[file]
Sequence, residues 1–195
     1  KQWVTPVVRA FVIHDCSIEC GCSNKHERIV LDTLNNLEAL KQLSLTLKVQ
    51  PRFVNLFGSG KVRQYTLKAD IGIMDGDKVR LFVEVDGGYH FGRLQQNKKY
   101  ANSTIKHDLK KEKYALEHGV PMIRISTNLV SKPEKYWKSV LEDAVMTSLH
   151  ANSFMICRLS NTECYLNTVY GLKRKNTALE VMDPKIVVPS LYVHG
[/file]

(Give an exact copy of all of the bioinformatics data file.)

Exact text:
Sequence, residues 1–195
     1  KQWVTPVVRA FVIHDCSIEC GCSNKHERIV LDTLNNLEAL KQLSLTLKVQ
    51  PRFVNLFGSG KVRQYTLKAD IGIMDGDKVR LFVEVDGGYH FGRLQQNKKY
   101  ANSTIKHDLK KEKYALEHGV PMIRISTNLV SKPEKYWKSV LEDAVMTSLH
   151  ANSFMICRLS NTECYLNTVY GLKRKNTALE VMDPKIVVPS LYVHG